Published online by Cambridge University Press: 26 August 2009
The landmark NINDS IV tPA trial showed that treatment with tPA within 3 hours of symptom onset improved neurologic impairment and functional outcome. Despite an increase in symptomatic hemorrhages from 0.6% in the placebo treated group to 6.4% in the active treatment group, mortality was not increased and functional outcome improved, even among patients with the most severe strokes.
The NINDS trial was subsequently criticized because it subjected some patient groups who were assumed to be unlikely to benefit from thrombolytic agents to a potentially harmful treatment. For instance, patients with proximal ICA-occlusions are unlikely to benefit from IV-tPA. Similarly, it has been suggested that patients with small, deep infarcts should not receive thrombolytics because of the generally favourable outcome and the presumed different pathological processes underlying small vessel occlusions.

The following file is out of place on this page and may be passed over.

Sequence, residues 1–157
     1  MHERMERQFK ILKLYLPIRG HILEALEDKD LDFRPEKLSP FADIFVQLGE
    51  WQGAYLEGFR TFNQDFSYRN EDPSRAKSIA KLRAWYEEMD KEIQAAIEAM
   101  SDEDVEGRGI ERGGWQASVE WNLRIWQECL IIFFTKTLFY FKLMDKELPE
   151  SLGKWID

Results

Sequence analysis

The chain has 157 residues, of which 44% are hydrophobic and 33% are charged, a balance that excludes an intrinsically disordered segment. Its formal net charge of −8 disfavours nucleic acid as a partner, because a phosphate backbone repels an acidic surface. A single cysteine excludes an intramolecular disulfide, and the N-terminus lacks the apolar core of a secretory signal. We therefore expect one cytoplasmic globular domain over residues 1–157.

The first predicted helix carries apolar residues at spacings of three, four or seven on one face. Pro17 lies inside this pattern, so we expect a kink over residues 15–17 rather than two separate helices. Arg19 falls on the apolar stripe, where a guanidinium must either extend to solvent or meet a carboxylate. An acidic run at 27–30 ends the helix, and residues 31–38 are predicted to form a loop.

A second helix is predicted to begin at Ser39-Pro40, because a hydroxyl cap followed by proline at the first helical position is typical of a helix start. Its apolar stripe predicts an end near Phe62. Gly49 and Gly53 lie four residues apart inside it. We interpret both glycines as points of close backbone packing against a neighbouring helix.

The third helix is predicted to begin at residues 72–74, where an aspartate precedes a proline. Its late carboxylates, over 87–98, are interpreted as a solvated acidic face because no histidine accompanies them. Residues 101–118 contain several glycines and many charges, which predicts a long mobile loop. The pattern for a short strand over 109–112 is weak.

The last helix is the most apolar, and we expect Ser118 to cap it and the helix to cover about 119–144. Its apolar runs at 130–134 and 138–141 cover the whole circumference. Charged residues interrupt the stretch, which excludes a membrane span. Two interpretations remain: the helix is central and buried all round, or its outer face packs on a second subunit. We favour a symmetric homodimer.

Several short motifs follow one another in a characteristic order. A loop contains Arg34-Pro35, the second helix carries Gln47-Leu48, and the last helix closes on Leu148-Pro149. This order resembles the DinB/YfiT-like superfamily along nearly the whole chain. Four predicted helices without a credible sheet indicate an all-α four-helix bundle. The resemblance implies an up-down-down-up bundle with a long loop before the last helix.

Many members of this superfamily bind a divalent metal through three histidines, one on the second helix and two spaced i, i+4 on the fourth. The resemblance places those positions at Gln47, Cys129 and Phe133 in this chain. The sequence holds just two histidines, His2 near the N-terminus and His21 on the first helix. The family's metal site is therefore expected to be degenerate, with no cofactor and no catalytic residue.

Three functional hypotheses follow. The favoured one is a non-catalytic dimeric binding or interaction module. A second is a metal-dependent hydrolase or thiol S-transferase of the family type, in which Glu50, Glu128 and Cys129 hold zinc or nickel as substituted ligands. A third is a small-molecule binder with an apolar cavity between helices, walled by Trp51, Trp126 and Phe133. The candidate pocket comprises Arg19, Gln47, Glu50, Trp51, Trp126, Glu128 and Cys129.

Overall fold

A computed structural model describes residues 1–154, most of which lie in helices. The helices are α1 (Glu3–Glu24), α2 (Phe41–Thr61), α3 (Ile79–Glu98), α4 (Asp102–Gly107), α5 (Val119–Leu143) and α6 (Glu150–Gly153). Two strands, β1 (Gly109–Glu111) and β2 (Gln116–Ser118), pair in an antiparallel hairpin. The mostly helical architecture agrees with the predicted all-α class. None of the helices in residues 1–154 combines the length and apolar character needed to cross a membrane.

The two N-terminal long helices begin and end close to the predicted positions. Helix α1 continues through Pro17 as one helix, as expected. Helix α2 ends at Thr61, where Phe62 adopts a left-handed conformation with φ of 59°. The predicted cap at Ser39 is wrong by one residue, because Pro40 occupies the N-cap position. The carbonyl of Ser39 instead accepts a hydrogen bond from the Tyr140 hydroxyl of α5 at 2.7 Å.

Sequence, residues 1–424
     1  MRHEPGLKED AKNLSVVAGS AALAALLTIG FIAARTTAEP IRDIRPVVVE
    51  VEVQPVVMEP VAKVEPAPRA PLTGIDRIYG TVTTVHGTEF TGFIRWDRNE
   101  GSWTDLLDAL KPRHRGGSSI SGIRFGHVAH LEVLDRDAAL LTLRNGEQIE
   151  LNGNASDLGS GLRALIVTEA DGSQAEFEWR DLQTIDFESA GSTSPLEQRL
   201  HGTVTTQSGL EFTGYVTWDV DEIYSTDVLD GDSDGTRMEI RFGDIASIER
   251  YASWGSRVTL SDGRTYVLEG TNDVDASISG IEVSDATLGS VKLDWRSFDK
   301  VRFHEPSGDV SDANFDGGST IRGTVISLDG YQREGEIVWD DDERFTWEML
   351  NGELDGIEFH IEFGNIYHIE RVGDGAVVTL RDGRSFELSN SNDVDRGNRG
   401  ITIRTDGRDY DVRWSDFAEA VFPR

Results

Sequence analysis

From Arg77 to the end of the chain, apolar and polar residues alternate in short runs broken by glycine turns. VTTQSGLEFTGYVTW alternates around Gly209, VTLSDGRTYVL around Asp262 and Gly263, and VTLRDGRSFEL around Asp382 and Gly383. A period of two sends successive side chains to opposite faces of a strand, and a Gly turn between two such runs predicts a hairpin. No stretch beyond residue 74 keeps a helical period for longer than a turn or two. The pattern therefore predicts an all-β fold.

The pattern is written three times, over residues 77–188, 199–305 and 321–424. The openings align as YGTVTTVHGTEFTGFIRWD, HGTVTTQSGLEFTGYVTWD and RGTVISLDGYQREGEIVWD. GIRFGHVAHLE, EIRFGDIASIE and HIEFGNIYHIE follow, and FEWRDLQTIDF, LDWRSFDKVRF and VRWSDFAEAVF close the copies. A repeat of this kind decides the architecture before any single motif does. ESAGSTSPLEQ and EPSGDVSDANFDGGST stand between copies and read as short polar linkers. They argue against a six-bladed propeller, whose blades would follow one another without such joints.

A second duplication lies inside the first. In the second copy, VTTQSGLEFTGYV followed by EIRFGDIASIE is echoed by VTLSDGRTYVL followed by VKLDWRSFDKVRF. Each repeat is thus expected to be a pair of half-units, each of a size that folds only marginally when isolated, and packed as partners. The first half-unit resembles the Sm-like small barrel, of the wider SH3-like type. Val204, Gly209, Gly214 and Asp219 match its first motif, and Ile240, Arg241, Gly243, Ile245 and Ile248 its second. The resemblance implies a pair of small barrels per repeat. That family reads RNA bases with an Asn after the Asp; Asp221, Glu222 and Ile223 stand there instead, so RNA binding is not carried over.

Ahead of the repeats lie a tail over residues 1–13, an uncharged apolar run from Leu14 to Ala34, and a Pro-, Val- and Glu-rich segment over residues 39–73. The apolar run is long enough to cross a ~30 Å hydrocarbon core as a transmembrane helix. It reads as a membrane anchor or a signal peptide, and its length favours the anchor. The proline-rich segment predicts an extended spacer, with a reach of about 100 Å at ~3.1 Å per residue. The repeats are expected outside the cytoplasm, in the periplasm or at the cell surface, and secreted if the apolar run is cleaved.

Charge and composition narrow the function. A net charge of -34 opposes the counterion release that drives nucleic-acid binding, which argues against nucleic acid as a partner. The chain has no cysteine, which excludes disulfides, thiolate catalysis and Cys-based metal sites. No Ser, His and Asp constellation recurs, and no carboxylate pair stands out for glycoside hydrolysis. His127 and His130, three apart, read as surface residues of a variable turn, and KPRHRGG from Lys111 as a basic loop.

In the NINDS trial, no patient subgroups could be identified that appeared not to benefit from tPA. However, in this trial stroke subtype was established based on clinical impression. Many studies suggest that the identification of stroke subtypes cannot be made reliably on clinical criteria and early CT alone.
In the NINDS trial, the only factor that appeared to improve the favourable response to tPA was the time between symptom onset and treatment.